Facebook's Sri Lanka Crisis page showed white nationalist content at top

tech2 News Staff
It may be another three years before this device or its concept hits the market.

It would appear that Facebook's Crisis response page, which crops up on the social media giant's platform to help people in a time of tragedy, is not safe from Facebook's own algorithms. As per a report, Facebook's top video suggestion on the crisis page following multiple bombings in Sri Lanka was an Islamophobic post.

CNET, which first found out about this, says that the video comes from a white supremacist page called 'Europeans' and promotes white nationalist content. The caption on this video feature on the Crisis response page reads "So if Muslims carried out the Sri Lanka attack, can we assume all Muslims are guilty. That is what we were told after NZ - all whites were white supremacists apaprently..[sic]."

This is also not the first time that Facebook's Crisis response page has been misused. During the infamous 2017 mass shooting in Las Vegas, multiple posts on the Safety Check page (a feature of Facebook's Crisis response page) reportedly were asking for >bitcoin donations and advertised spam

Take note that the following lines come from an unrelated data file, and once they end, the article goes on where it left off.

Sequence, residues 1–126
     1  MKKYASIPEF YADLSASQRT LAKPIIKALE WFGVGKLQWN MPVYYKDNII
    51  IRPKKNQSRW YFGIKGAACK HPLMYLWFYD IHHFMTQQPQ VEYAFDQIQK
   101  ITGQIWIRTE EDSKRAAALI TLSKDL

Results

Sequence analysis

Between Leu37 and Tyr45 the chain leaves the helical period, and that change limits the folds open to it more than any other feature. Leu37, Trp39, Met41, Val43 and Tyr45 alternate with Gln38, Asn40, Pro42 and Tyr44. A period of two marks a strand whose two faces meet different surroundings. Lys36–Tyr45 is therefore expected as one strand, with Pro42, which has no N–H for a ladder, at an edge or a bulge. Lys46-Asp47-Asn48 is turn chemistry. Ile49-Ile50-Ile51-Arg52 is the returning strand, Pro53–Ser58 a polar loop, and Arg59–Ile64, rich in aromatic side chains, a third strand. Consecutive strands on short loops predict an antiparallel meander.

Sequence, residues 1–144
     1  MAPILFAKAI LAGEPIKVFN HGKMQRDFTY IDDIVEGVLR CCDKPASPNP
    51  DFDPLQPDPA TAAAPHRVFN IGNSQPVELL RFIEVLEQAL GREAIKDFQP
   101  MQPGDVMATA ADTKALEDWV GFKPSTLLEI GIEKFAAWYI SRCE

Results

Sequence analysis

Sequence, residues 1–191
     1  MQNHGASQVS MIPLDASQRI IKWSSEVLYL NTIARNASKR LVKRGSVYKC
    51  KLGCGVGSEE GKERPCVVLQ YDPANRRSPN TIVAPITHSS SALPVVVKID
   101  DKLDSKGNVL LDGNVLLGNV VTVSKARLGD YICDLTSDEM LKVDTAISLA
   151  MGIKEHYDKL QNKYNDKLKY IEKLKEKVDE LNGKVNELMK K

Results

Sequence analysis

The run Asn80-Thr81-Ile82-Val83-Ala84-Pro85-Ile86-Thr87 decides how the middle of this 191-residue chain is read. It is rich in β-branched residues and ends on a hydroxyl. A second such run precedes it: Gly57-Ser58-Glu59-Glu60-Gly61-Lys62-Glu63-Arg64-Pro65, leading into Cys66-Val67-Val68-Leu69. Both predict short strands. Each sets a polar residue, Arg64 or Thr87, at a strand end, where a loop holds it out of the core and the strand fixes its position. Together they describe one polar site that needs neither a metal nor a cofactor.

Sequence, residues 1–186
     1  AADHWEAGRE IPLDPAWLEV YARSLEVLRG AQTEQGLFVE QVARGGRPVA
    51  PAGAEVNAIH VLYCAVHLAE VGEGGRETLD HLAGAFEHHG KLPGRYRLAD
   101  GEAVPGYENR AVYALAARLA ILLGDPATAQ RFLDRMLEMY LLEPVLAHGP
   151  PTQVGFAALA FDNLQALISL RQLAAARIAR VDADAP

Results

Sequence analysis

The report also says that even after the 'Europeans' post was removed, two videos identical in nature to the previous post cropped up with two different groups as their source. These two groups are run by the same managers who run 'Europeans'. Not only that but it would appear that the second and third posts yesterday on the Crisis page were from advertisers who had less than 30 followers each.

In the wake of the attack, Sri Lankan government has restricted access to sites including Facebook, Facebook Messenger, Instagram, WhatsApp, Viber, and YouTube. Facebook also did not respond to the government's request for better content moderation until it cut off the social network entirely.

Also See: Sri Lanka blasts: Easter bombings rattle decade-long peace in island nation, expose risk to Christian miniority amid religious conflict

Islamic State claims Sri Lanka suicide bombings, says it was behind 'blessed attack' targeting Christians on 'blasphemous holiday'

No advance intelligence on Easter bombings, says US Ambassador to Sri Lanka Alaina Teplitz

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